To toast something is to cause it to gain color through the application of heat. That's it. To toast a peanut is just like toasting a piece of bread. It can be done in the oven or on the stovetop, with or without oil. The difference between the words "roasting" and "toasting" is subtle and the words are often used interchangeably, but the true meanings ...


3

As @Carey Gregory already mentioned about McDonald's, I generally cook for 6-10 people and for small kitty and birthday parties, so for that I use a manual nut chopper (with size adjustment bolt). This gives me fine results of chopped nuts almost in equal shapes. For 2-5 servings, I simply use a sharp knife to chop them. I almost every time try to make them ...


3

I would imagine the commercial choppers used for McDonald's nuts generate the same amount of dust. They probably sell that dust for some other purpose. The dust should be easy enough to remove: just shake them around in a strainer.


3

These are not hand grinders, but you can try a "wet grinder", but they are very slow (takes hours to make a few jars). If you don't mind ordering from a Chinese factory (assuming the freight is not exorbitant), you can view some real Peanut Butter machines here: ...


3

I can understand that grinding nuts into butter without the use of electricity has it's ecological, and other merits, but after having made many batches of peanut butter with a Champion Juicer, I can attest that it takes a pretty powerful engine (or arm ) with plenty of endurance to get a good consistency and a generous quantity. The cleaning of any grinder ...


3

The shells are not used in making peanut butter. You would need to shell these peanuts (and remove the papery skins from the individual peanuts) before grinding them to make the peanut butter. It doesn't matter whether they are roasted in the shell or not--what matters is that they are roasted, to give the deeper, richer flavor. I have to assume your ...


3

The best peanut butter, in my subjective opinion, contains peanuts and nothing else. Liquidize the nuts in a food processor until it's as smooth as you want it; and you're done. Peanut butter made this way might go a bit stiff if you leave it, but give it a good stir and it'll go back to normal. Good wholefood brands sell ready-made peanut butter of this ...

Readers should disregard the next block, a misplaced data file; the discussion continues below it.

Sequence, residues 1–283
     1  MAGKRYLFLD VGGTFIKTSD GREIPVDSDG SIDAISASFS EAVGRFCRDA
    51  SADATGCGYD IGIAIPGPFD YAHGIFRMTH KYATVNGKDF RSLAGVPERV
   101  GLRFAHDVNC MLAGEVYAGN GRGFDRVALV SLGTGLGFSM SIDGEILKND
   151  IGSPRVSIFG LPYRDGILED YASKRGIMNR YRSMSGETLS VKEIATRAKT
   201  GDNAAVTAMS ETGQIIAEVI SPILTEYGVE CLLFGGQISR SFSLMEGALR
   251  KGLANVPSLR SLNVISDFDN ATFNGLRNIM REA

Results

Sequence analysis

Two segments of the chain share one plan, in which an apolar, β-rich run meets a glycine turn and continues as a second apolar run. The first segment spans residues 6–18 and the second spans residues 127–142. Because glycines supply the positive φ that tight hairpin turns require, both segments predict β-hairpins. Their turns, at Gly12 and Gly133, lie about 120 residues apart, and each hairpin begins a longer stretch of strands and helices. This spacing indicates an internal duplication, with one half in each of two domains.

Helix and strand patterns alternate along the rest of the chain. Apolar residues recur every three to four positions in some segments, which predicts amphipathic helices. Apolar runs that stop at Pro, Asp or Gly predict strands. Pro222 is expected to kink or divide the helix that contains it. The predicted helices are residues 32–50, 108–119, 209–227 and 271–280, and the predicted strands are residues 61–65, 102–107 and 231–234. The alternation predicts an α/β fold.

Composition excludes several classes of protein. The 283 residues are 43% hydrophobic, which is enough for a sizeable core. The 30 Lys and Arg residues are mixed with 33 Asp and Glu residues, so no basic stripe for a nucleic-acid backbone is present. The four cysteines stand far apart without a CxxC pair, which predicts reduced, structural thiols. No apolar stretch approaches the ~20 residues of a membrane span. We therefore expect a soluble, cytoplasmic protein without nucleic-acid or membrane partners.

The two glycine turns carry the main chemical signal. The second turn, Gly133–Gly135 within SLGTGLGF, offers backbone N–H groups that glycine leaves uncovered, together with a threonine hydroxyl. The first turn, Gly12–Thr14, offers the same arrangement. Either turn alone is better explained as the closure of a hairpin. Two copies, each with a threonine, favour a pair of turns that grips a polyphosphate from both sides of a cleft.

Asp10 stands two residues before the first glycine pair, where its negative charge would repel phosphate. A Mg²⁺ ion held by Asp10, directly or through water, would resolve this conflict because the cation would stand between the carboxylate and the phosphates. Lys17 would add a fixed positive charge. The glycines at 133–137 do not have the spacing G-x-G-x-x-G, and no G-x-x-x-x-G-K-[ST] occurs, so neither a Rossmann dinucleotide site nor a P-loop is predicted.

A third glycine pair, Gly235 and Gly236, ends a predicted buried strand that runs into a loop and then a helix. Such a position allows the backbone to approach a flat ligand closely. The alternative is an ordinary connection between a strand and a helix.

3

You've pretty much answered your own question. Put the PB in a blender, drizzle in a little peanut oil, blitz and season to taste with salt and a little sugar if you want it. I'd add them all slowly: you can always add, you can't take away.


3

Nuts are much tastier when they are roasted. Dehydrating may be ok but it will not do the same thing for their flavor or texture. Nuts have a lot of oil but there is not enough on their exterior for powders to stick to. Of course some of the powder would stick anyway- and with parmesan even more would when the cheese melted. If you are ok with a milder ...


3

Well, you could shell out for a commercial nut butter mill, if you had an extra thousand bucks lying around. But otherwise the answer is probably not. I believe that commercial peanut butter makers grind the nuts between metal plates, which gives the very fine texture. At home, you're presumably using a food processor, which can't make thick-textured pastes ...


3

While the grinding of peanuts produces a paste we call peanut butter, a food processor may be slightly better equipped to handle them then a coffee grinder, especially if you want to blend coffee with it again. Peppercorns are harder and they can be done in a coffee grinder, but peanuts would likely result in a mess that would not easily be cleaned, and ...


2

Peanut butters that are not "all natural" include cheaper oils along with sugar and emulsifiers to keep the mixture from separating and to make it lighter and smoother. That lack of emulsifiers could make a huge difference but it depends a lot on the recipe. In a normal cookie dough fat is creamed with sugar and eggs are beaten in one at a time which adds ...


2

Salt is salt if dissolved into a liquid or blended into a paste. Kosher salt is just larger crystals, it tastes and works the same as any other salt. It is mostly called for because it has become "fashionable". Kosher salt does have specific culinary uses, but not as a dissolved or blended ingredient. There is no global standard on table or kosher salt ...


2

In this context, for peanuts, there is no real difference. Feel free to use the store-bought roasted peanuts, or roast your own.


2

I don't know what type of coffee grinder you have, but if there's the remotest chance of your efforts resulting in "Peanut Butter", you should ask yourself... "How in the world am I gonna clean this mess out of there"? Yuk!


1

In general, I think of 'toasting' as finishing the cooking process in something that has already been through several steps. Toasting baked bread for example. Roasting to me implies taking something from start to finish. With peanuts, it could be that they expect you to take already roasted nuts and then toast them (perhaps with sugar or something). It also ...



Only top voted, non community-wiki answers of a minimum length are eligible